Monday, October 13, 2014

Reading strategy series # 4

From the Making Meaning Manual:
"Visualizing
Visualizing is the process of creating mental images while reading. Mental images can include sights, sounds, smells, tastes, sensations, and emotions."

Here are some questions you can ask your young readers to help them develop this reading strategy:

  • Without showing the illustrations, read a book and ask them to make a picture in their minds of what is happening in the story. Ask them to share their mental pictures.
  • Make illustrations for a book.
  • Ask questions based on the five senses: What do you think it looks like? What do you think it smells like? What do you think it feels like? What do you think it sounds like? What do you think it tastes like?
  • At the end of the story, ask: what do you think will happen next?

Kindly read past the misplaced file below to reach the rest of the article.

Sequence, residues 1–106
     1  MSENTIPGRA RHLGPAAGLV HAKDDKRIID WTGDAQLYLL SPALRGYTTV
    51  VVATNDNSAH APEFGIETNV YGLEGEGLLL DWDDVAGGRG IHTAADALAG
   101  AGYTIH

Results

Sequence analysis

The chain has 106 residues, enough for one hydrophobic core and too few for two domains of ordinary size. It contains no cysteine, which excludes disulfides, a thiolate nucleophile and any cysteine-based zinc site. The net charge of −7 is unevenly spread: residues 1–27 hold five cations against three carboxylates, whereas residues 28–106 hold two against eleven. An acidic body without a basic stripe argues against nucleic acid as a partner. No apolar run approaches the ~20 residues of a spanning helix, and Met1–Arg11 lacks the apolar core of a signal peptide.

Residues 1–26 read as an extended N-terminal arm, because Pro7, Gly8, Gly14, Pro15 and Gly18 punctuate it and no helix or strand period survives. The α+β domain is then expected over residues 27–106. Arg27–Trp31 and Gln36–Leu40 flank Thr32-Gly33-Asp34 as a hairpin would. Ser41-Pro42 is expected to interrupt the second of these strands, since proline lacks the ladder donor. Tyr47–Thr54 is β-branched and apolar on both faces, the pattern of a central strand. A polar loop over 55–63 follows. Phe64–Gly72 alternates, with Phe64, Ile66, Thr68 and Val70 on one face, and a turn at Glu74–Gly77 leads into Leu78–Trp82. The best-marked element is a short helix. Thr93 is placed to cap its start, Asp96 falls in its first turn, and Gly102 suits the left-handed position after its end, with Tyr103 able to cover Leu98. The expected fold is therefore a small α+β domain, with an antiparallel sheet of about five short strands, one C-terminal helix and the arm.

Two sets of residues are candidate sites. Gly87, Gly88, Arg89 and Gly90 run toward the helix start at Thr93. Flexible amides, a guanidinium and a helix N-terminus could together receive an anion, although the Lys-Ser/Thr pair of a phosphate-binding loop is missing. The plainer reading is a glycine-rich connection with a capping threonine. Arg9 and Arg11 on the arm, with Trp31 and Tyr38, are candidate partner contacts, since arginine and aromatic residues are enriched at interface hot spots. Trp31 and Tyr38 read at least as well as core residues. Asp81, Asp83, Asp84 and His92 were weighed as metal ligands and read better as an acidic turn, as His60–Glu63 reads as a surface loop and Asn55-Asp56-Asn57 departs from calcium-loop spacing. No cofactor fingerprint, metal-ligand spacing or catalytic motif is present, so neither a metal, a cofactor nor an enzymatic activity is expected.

• How was _____ (certain character) feeling? 
Now let's be practical.  How does visualizing work with a book like: Goldilocks and the Three Bears (just to continue to use a popular one)?
You can start by asking your young readers to make a mental picture of Goldilocks.  How tall is she? What is she wearing? What does she look like? Also, you can talk about the bear's house. Since you have read this book before, you can move to more advance senses! Ask: What do you think the porridge taste like? What do you think the house smells like? What do you think it sounds like when Goldilocks uses each chair? What about the beds?...etc.  Also keep in mind that a great way to visualize is to add to the end of a story.  It is all up to the reader to create an extra ending!

This picture is from Classic Fairy Tales illustrated by Scott Gustafson.  What do you think the porridge taste/smells like? 

Help your reader see the text by making mental images of what is explicitly and non explicitly in the story. When we visualize, the story becomes ours! We decide to add in the details that are not revealed to us through illustrations.  Sometimes our visualization of a story is based on facts given.  Some other times, our visualizations of a story are based on our preferences.  In either case, visualizing a story makes it easier "to understand, remember, and enjoy." (From: Making Meaning Kindergarten Manual). 

Next week: Making Inferences



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Thank you for sharing!